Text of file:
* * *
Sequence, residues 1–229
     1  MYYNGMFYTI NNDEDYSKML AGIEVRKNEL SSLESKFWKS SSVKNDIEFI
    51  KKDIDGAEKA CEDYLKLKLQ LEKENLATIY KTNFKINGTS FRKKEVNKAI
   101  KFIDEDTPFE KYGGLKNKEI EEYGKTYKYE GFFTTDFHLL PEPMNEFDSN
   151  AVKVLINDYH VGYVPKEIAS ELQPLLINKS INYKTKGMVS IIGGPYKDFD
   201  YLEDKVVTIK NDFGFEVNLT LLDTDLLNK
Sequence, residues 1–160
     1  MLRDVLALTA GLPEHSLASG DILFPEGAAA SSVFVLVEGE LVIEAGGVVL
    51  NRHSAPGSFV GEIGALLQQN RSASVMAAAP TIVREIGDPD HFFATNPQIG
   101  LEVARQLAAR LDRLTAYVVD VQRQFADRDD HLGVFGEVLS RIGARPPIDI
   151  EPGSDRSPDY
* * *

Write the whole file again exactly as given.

Sequence, residues 1–229
     1  MYYNGMFYTI NNDEDYSKML AGIEVRKNEL SSLESKFWKS SSVKNDIEFI
    51  KKDIDGAEKA CEDYLKLKLQ LEKENLATIY KTNFKINGTS FRKKEVNKAI
   101  KFIDEDTPFE KYGGLKNKEI EEYGKTYKYE GFFTTDFHLL PEPMNEFDSN
   151  AVKVLINDYH VGYVPKEIAS ELQPLLINKS INYKTKGMVS IIGGPYKDFD
   201  YLEDKVVTIK NDFGFEVNLT LLDTDLLNK
Sequence, residues 1–160
     1  MLRDVLALTA GLPEHSLASG DILFPEGAAA SSVFVLVEGE LVIEAGGVVL
    51  NRHSAPGSFV GEIGALLQQN RSASVMAAAP TIVREIGDPD HFFATNPQIG
   101  LEVARQLAAR LDRLTAYVVD VQRQFADRDD HLGVFGEVLS RIGARPPIDI
   151  EPGSDRSPDY